The ontological argument was first formulated by St. Anselm in the 11th century. It argues the existence of God from a deductive and a priori stance. God is a being than which none greater can be conceived. This is the response given by St Anselm to the fool in the psalm who believed there was no God. St Anselm the Archbishop of Canterbury and of the Benedictine Order explained that for God to exist in the mind he would not be the greatest being. However were God to exist in the mind and reality this would make a being ‘than which none greater can be conceived’, this means God must exist.
This demonstration for the existence of God was immediately criticised by his contemporary Gaunilon. He argued that Anselm’s argument could easily be used to prove the existence of many different beings or even places. In Gaunilon’s ‘response on the behalf of the fool’, he argued that he could conceive of a perfect island ‘blessed with all manners of delight’, yet it did not mean it must exist. However, Anselm responded to this claim arguing that a perfect island contains contingency; it is dependent, whereas God possesses aseity, is self-sufficient. This means that God’s existence is therefore, necessary, independent.
Descartes famously wrote his version of the ontological argument in the ‘Meditations’ in which he argued that God is an infinite being, perfect. For God to remain perfect he must then retain existence. He used the illustration of a triangle with three angles which all add up to 180 degrees. This quality of the triangle allows the triangle to be perfect and to be defined as a triangle. If the angles were taken away from the triangle it would no longer be a triangle. This is similar as to God; he could not be God if he did not exist. This proves according to Descartes that God’s existence is necessary.
But, it can be argued that the ontological argument is using an analytic format to define God as existing. Immanuel Kant refutes this as he believes that existence as a predicate or property cannot define God. For instance, the analytic statement ‘a spinster is an unmarried woman’ is tautological and true by definition. But if you were to add the predicate existence it would have no direct effect on the statement, this means that existence cannot be a property of God.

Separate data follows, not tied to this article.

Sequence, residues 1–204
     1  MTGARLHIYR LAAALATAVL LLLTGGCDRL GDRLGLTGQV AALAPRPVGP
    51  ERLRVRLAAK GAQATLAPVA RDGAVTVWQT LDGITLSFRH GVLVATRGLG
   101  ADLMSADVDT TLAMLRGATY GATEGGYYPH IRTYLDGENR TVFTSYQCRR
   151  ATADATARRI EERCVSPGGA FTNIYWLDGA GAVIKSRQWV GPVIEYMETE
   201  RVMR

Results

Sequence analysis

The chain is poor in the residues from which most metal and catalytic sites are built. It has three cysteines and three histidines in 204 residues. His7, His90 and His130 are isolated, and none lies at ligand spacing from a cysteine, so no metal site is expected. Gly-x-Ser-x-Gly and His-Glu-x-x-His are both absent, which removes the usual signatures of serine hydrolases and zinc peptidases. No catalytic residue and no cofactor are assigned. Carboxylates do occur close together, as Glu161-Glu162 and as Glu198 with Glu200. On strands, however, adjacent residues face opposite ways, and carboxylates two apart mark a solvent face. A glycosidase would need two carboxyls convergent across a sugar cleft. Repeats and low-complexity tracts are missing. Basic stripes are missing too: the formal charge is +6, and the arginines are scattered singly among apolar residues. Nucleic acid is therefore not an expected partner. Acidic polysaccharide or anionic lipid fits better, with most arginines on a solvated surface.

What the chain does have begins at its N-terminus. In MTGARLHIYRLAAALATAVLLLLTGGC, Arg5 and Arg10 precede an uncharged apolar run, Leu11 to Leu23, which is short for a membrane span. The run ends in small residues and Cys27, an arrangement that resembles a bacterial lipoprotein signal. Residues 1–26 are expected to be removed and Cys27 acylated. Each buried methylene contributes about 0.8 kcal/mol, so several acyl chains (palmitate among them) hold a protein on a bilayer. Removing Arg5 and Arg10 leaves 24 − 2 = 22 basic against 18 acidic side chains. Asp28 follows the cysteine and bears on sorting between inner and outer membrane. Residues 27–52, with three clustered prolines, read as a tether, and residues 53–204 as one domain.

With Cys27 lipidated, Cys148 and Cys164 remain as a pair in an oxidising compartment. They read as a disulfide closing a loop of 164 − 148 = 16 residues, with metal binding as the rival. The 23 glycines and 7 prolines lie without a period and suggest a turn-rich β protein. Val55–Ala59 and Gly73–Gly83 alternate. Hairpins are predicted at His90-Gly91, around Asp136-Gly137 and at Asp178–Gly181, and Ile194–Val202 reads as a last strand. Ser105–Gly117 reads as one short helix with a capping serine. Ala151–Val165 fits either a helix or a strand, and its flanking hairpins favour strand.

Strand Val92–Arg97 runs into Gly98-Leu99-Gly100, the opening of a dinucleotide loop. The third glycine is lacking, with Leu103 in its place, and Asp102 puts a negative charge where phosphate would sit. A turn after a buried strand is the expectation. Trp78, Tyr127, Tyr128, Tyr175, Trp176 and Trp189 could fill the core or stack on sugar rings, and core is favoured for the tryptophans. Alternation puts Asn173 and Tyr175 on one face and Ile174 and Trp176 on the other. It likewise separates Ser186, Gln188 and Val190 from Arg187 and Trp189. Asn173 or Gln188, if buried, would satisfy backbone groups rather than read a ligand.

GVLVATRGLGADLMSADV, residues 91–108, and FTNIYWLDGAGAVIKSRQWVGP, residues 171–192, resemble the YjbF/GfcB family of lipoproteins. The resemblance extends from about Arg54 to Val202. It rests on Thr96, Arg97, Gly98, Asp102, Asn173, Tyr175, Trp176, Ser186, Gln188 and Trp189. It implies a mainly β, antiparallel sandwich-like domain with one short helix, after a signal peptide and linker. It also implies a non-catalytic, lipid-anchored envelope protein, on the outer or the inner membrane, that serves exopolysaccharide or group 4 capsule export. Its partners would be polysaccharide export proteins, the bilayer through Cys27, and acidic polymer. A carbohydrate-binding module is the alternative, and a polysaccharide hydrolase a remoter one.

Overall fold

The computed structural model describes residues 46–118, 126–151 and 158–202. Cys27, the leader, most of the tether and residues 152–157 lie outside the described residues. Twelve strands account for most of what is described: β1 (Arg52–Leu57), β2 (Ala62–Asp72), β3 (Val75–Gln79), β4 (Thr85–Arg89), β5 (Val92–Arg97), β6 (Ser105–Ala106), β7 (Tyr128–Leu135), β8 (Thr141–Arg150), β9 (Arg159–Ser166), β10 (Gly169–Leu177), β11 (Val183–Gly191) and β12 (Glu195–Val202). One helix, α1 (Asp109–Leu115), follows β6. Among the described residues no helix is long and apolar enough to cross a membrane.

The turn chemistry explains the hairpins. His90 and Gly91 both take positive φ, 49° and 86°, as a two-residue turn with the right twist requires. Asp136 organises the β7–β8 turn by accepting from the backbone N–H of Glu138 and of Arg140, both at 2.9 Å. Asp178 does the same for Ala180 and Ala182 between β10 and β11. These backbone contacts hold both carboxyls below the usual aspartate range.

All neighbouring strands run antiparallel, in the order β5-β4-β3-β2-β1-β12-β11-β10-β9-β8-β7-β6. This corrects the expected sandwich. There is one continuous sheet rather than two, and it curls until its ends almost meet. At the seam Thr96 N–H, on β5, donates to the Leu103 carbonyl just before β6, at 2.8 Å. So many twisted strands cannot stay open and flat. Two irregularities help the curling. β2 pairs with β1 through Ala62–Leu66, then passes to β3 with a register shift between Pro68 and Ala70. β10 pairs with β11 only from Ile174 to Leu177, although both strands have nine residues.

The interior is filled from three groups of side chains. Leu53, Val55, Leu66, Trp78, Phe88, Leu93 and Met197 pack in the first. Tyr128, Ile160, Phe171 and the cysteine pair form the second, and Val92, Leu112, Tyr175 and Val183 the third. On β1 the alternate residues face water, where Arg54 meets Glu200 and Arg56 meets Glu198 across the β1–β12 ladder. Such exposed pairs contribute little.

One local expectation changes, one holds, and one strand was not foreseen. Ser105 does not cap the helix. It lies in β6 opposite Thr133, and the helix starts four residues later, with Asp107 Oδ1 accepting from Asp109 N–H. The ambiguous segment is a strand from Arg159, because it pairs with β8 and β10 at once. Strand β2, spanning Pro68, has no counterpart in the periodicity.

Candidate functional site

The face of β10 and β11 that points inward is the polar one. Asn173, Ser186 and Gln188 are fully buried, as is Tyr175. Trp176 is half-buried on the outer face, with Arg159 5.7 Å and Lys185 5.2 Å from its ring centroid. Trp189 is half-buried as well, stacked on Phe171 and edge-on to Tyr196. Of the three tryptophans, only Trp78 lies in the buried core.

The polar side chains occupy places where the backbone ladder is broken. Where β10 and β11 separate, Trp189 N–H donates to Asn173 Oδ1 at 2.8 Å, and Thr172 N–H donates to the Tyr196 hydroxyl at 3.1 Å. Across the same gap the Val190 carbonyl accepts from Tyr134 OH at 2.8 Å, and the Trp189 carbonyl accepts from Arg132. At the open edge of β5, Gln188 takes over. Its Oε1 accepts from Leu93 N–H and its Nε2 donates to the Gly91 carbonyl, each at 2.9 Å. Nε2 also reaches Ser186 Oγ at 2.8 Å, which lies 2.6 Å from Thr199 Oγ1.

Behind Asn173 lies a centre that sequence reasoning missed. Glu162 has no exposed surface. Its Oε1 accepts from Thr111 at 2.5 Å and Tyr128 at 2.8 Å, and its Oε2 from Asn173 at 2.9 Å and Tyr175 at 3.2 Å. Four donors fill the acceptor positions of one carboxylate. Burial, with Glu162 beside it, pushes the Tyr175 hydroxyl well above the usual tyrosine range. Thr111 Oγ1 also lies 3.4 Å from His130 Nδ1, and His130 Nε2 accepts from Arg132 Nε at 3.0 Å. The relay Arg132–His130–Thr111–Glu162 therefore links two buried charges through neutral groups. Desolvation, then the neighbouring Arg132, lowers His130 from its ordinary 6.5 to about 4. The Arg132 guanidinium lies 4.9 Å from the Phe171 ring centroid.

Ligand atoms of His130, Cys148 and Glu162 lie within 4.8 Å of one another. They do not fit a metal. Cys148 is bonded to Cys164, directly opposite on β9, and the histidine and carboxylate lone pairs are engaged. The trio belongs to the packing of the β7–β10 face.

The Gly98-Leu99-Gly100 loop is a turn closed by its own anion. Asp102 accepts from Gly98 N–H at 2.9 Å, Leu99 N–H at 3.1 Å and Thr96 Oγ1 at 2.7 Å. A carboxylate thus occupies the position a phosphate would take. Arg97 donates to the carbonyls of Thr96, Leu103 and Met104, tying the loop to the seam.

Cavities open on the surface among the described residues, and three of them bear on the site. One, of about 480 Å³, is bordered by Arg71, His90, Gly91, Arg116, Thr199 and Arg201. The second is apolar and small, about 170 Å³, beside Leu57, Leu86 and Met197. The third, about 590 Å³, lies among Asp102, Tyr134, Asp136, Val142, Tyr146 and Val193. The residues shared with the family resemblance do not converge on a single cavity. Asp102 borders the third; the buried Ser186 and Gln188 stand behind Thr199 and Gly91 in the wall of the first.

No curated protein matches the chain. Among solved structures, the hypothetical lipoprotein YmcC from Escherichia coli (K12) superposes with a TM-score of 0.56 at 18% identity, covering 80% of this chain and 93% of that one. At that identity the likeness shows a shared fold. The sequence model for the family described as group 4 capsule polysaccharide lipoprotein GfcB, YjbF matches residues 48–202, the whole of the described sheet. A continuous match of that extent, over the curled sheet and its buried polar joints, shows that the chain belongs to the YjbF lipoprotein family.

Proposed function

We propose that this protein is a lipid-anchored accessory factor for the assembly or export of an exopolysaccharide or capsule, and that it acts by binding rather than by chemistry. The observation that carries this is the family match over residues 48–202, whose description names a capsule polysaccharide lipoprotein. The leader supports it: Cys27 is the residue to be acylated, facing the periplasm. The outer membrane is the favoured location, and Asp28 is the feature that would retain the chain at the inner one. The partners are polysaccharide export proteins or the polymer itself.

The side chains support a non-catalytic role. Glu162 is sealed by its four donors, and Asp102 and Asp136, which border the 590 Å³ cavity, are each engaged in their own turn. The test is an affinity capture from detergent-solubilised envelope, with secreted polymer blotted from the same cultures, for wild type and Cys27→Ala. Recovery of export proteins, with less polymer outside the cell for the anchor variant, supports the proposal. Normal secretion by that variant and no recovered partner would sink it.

David Hume also went on to support this idea, as we cannot prove that existence is even a positive attribute, we know that ‘evil’ exists yet could this ‘existence’ be the same as the ‘existence’ of God? They would argue that the ontological argument failed to understand and make existence a meaning of God.
However, there have been responses by other philosophers such as Frege who argues that existence is actually a first level predicate which is able to explain the second level predicate. For instance, the ‘greenness of the apple’ is known through our senses but by adding ‘the greenness exists’ we are able to understand that such a predicate exists in reality. This means that ‘God exists’ allows us to understand that such a being as powerful as God does exist in reality as well as the mind.
However from an empirical view, Thomas Aquinas would argue that the flaw in the ontological arguments attempt to demonstrate God’s existence stems from the fact that Anselm wanted to argue that God’s existence can be proven from ‘de dicto’ instead of what is ‘real’, and this caused the argument to be weak. On the other hand, some will still argue that St Anselm and the ontological argument is still strong in the second half, ‘God is a necessary being’. This is due to the fact that only God’s existence can be either necessary or impossible and because it is possible, God is proven to exist.
To evaluate the whole ontological arguments’ attempt to prove and demonstrate God’s existence, it is clear due to the deductive stance, it shouldn’t be argued as the conclusion drawn must be ‘God is a necessary being’, ‘God is a being than which none greater can be conceived’. But as soon as you understand that definition you will find that it could be used to prove the existence of many things and beings. The ontological argument proves the idea that if God exists he is going to be a necessary being, but it does not prove that he actually does exist. Therefore as Richard Dawkins would describe it ‘infinite, playground argument’ and does not demonstrate God’s existence.